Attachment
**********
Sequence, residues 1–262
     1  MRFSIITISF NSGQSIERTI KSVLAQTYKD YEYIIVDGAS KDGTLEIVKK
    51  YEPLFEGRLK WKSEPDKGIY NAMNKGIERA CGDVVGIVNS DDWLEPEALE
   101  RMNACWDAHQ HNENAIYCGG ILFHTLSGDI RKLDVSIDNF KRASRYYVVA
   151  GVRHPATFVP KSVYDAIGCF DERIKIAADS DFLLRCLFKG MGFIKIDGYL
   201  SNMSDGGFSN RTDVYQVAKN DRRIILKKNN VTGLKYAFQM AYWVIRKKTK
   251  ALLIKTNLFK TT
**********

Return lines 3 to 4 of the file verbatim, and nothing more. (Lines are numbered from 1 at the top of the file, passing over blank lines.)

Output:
    51  YEPLFEGRLK WKSEPDKGIY NAMNKGIERA CGDVVGIVNS DDWLEPEALE
   101  RMNACWDAHQ HNENAIYCGG ILFHTLSGDI RKLDVSIDNF KRASRYYVVA